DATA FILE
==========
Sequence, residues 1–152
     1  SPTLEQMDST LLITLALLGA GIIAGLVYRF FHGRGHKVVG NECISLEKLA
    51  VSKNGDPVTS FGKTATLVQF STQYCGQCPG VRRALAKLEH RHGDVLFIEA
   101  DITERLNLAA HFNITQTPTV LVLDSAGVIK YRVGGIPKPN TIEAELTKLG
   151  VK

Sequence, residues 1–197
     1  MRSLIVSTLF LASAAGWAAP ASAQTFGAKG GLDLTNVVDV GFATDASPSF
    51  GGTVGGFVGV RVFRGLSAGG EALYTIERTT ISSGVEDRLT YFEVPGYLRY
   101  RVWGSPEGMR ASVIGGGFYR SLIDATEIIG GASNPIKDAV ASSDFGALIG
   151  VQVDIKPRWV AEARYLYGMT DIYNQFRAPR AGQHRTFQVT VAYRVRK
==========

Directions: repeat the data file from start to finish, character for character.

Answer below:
Sequence, residues 1–152
     1  SPTLEQMDST LLITLALLGA GIIAGLVYRF FHGRGHKVVG NECISLEKLA
    51  VSKNGDPVTS FGKTATLVQF STQYCGQCPG VRRALAKLEH RHGDVLFIEA
   101  DITERLNLAA HFNITQTPTV LVLDSAGVIK YRVGGIPKPN TIEAELTKLG
   151  VK

Sequence, residues 1–197
     1  MRSLIVSTLF LASAAGWAAP ASAQTFGAKG GLDLTNVVDV GFATDASPSF
    51  GGTVGGFVGV RVFRGLSAGG EALYTIERTT ISSGVEDRLT YFEVPGYLRY
   101  RVWGSPEGMR ASVIGGGFYR SLIDATEIIG GASNPIKDAV ASSDFGALIG
   151  VQVDIKPRWV AEARYLYGMT DIYNQFRAPR AGQHRTFQVT VAYRVRK